Matt Smith in American Psycho

By October 8, 2013 News, Review, Sneak Peek, Uproar Comics
Matt Smith as The Doctor

Matt Smith as The Doctor

News broke yesterday that Matt Smith, formerly The Doctor, is set to play Patrick Bateman in a musical version of American Psycho.

American Psycho is a novel written by Bret Easton Ellis and was published in 1991. The novel, with it’s graphic violence and sexual content, was controversial before and after its publication. We all know American Psycho from the film adaptation starring Christian Bale in 2000. The film received some favorable reviews and some reviews that claimed it strayed too far from the book. In 2008 it was confirmed that there was to be a musical adaptation of the novel set to appear on Broadway. It was announced at the start of this year that the musical would be coming to London.

I am one for musicals and the theater however I’m not too sure how American Psycho: The Musical would sit with me.  A review of the upcoming production in the Independent stated: “Audiences may be advised to bring their raincoats as the writer of the work has promised “a lot of blood”, seeing it compete with another musical killer Sweeney Todd: The Demon Barber of Fleet Street to sate theatregoers’ demand for shock and gore.” I do like Sweeney Todd and would love to see it in the West End but there is just something about this production that has me a bit uneasy.

The music for the production will accentuate the violence and the gore and will keep the audience on their toes. I have no doubt that this will be great however I am unsure what Matt Smith is going to bring to the role. He is a great stage performer and I had my doubts about him being the 11th Doctor (being a David Tennant fan) but he brought a new a quirky nature to The Doctor. Will he be able to get into a role as serious and psychotic as Patrick Bateman? General consensus in the Uproar Office is that the role of Patrick Bateman is one of Christian Bale’s finest and even though Smith will be doing a singing, dancing version of the character, the theatregoers (if they have seen the movie) will be comparing Smith’s performance to Bale’s.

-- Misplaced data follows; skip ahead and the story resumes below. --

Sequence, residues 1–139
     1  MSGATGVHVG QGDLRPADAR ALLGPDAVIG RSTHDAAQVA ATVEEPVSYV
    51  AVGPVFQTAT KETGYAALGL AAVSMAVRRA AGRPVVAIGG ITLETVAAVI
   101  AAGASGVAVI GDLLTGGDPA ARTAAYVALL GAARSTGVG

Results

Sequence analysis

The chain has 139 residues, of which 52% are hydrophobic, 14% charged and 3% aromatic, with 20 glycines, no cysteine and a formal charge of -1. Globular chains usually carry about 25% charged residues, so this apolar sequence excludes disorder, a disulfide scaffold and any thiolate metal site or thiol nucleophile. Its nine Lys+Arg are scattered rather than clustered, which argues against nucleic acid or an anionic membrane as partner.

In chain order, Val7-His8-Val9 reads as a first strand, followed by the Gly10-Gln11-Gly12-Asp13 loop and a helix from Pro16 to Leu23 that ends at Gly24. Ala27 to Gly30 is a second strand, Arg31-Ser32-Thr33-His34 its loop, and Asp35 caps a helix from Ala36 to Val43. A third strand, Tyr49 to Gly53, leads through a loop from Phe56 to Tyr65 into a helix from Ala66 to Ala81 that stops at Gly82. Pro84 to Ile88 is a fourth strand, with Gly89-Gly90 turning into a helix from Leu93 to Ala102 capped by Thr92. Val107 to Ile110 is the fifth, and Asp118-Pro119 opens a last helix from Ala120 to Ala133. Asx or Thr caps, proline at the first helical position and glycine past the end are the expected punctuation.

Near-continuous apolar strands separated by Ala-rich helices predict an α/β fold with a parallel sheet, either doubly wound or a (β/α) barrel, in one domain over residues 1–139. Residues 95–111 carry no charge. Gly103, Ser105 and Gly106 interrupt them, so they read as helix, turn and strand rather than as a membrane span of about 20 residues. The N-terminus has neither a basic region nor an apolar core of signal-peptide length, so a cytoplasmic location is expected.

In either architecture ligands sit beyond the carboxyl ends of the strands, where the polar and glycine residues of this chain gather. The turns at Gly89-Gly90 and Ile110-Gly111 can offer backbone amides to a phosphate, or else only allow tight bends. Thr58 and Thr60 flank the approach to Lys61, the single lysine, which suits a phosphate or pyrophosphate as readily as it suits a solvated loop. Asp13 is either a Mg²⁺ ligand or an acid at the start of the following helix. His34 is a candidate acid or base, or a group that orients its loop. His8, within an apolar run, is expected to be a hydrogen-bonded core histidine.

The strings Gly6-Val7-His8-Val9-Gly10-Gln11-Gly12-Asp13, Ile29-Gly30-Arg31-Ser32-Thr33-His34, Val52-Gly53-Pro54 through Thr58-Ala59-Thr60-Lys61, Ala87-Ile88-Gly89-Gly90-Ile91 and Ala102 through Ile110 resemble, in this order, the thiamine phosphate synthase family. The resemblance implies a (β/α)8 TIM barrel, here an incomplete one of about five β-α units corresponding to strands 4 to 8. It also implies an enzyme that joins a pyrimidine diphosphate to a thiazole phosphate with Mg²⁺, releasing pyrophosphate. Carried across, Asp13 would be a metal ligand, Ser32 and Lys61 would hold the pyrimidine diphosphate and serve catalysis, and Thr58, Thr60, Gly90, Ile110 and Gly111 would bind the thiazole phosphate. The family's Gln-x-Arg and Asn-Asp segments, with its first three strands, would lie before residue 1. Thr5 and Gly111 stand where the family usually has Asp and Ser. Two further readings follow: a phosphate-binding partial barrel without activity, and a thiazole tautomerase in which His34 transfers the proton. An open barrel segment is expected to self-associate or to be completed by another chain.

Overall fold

American Psycho will open officially from 12 December 2013, with previews from 3 December at London’s Alemeida Theatre.


One Comment

  • Stuart Montgomery says:

    I’m tempted to type the word “wrong” into Google translate and just copy and paste it in every language in response to this. I can’t express enough just how uninterested I am in seeing a young Tommy Cooper impersonator trying to affect an American accent in something that has no artistic merit whatsoever, and is merely being put into production to further dilute the plethora of mediocrity that already floods every facet of modern, popular culture, all for the sake of a few dollars. Firstly, Ellis set out to write a controversial book, he admits that himself. He didn’t have anything to say that just happened to be deemed “controversial” by society at the time, he didn’t raise any important questions or challenge any hypocritical norms, he produced something he knew would sell for salacious reasons. William Burroughs didn’t set out to ruffle anybody’s collar, it just so happens what he had to say didn’t fit into anything that came close to normality at the time, but that’s what helped make it so important. I could easily insert any one of another hundred authors in this example, Burroughs just happened to spring to mind first. Secondly, it doesn’t matter whether or not the film was a close adaptation or not of the preceding novel, it was weak and utterly failed to encapsulate the greed and materialism of the 80’s and in particular the 80’s of the so-called upper classes. The irony of it all is that the final production was as facile and surface deep as the world it was trying to parody. Lastly, can someone please explain to Matt Smith that constantly hamming it up to pantomime levels every second he’s onscreen is not good acting, in fact it’s bad acting. This type of tomfoolery just happens to coincide with what the character of Dr Who should be at times. Can someone please form a committee that once a year reviews such future productions and alternatively decides the money involved would be better spent in feeding starving children! Did I mention I don’t value either the work of Ellis as an author or Smith as an actor, or did my subtext suggest that enough? 😉

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